Pop and Jo's Wedding



Early Married Life

(from Jo's diary)

Home | Photos | Bulletin Board | Genealogy | About us

The Lawrence Family - The Wedding - Farewelling the Soldier - Home to Mother -
Off to England - Arriving in England - Glasgow
Previous: Jo's Childhood - Next: Children

Arthur Lawrence

As I unpacked next morning my father called out that there someone to see me. I ran out thinking it was Faye and it was Arthur. My feelings were only surprise. So we settled down to the quiet little time left before 1914-War. Yes, I had heard of War where as a six year old my cousin Jack Vercoe had gone with a contingent to South Africa. I had heard the songs like ‘the Absent Minded Beggar’ and ‘Goodbye Dolly I must leave you’. But it all meant next to nothing. I never really knew the excitement of the relief of Mafeking. But now almost at once the son of an old friend was a Lieutenant and in camp at Broadmeadows. The first near touch to us of what was to be. I decided that my life ambition was to be a nurse and started training. A mistaken idea which I very speedily discovered and in a nutshell I lasted about three months and thankfully returned to my family who never had one word of reproach. The following year (1915) we saw more and more of those we knew march away. Clement Lane was the first of our friends killed at the landing at Gallipoli. Dear Clem who used to sing around the piano with us ‘Let me call you sweetheart’ etc and who travelled with a firm of tea merchants and made it his business to call quite often for ‘business’ talk. Clem whom we said goodbye to in Camp, and who had somehow forgotten all the trivial past times.


Arthur Poole Lawrence
Arthur Poole Lawrence
Top right: On the deck of HMAS Ballarat
Bottom middle: Posed in slouch hat, which was used for drawings of him as the archetypal digger, pictures which remain with the family.


Arthur Lawrence was doing Medicine and forbidden to enlist, but his younger brother (Bunt) went off. A nearer step to us! 1916 came, and Arthur and I hoped to be married some day and I started a Kindergarten course. Nearing the end of 1916 and with his final degree approaching Arthur was ready to enlist. We decided to marry but if our people opposed that we would not be engaged. Arthur felt that was unfair taking the future into consideration as so uncertain. On the day that we went to Ormond Hall to see the conferring of degrees Faye said she had in her pocket a message from her older brother in Queensland that he too had enlisted- poor Mrs Lawrence. And we hardly gave her a thought.


The Lawrence Family

Here I will digress to speak of Arthur’s people as we get so near to our marriage. His father (Alfred) was one of 3 sons and 3 daughters born to Christopher Lawrence and Mary (née Fabian). As a young man he came to Australia with, I think, two friends. They were Baptists and came in touch with the Reverend George Slade, a Baptist minister at New Market, Victoria. George Slade had five children. One daughter died, but his three sons were of poor account and all the energy, determination and commonsense seemed to be centred on his daughter Edith.


George and Marianne SladeGeorge and Marianne Slade
The Reverend George Slade and his wife Marianne Croggon
Right: The farmhouse at Hanslope, Bucks owned by the Slade family, which Amy and Arthur visited after WW1.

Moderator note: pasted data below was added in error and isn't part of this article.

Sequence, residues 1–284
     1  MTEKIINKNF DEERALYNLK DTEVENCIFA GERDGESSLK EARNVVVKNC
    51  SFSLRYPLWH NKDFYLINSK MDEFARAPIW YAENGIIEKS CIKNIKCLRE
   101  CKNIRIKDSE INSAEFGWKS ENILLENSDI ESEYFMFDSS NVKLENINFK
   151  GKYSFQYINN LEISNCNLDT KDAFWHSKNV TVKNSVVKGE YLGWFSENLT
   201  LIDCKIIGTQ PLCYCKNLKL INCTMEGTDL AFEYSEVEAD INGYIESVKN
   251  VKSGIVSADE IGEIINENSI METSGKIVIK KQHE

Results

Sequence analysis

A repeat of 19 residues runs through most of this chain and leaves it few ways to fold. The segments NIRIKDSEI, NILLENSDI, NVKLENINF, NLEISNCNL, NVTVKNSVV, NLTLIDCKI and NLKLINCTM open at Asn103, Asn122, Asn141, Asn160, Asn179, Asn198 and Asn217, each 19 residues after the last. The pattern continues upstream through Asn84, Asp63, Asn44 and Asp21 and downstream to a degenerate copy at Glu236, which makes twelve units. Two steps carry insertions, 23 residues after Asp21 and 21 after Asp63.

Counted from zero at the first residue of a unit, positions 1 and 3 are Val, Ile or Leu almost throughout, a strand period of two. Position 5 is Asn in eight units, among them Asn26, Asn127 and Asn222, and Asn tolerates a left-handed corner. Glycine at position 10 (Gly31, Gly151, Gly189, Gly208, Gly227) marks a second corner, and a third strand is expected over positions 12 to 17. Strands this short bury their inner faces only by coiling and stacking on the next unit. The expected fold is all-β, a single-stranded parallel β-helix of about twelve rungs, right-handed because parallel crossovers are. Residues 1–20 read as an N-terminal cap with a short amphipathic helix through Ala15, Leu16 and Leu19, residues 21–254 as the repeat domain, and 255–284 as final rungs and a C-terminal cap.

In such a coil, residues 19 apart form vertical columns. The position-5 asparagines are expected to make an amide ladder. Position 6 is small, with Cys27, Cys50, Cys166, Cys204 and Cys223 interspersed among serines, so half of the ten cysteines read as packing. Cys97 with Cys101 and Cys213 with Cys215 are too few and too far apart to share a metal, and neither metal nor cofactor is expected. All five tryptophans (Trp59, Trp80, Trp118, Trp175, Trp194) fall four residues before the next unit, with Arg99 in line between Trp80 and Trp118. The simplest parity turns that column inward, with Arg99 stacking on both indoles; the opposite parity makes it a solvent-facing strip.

It was a strange wooing and mating of Edith Marianne Slade and Alfred Lawrence. I believe he handed her a note one day and presumably the answer was in the affirmative. I wondered if she had any happiness at all. Two little boys, then a little girl who, without consulting her he named Mary Fabian after his mother, then one more little boy then the end of everything for them both. Alfred Lawrence had been a brilliant business man but too quick a success unbacked by enough financial security was too much for him and he suffered a breakdown from which he never recovered. He went back to England and entered a private ‘Home’ where he lived for many years.


Edith’s background gave little help for such a burden heaped upon her shoulders at this time. In her early thirties, she faced the future alone with a new born baby and three small children. With the help of a good friend and her husband she organised her resources.


She developed good business ability and with the force of character she seems always to have had she kept the home together. When I first went home from school with Faye, they had a comfortable old home and a cow which Arthur and Bunt had to milk- never the oldest son George, and they had a cottage; well named Arcardia, in Ferny Creek on about 8 acres of land, looking over the countryside towards both Western Port and Port Phillip Bays. Here at Christmas time, the cottage was filled with young people. My mother-in-law and I did not see eye-to-eye on many things later, but I should like to pay a tribute to a brave gallant women who, if I did not love, I certainly did admire. I should add that she also managed to keep her husband in comfort all those years and her prayer was he predeceased her so that she would know he was safe. Her prayer was granted.


Pop' Family
Arthur Lawrence's family
Top: Alfred Lawrence
Top right: Alfred's father Christopher George Lawrence, a pawnbroker in London,
taken in 1906 with his daughter Hettie Lawrence Mills and granddaughter (front left),
second wife Emily and step children/family friends. Hettie later migrated to Australia.
Bottom: Arthur's grandmother Mary Fabian/Lawrence and mother Edith Marianne Slade/Lawrence.


Top

The Wedding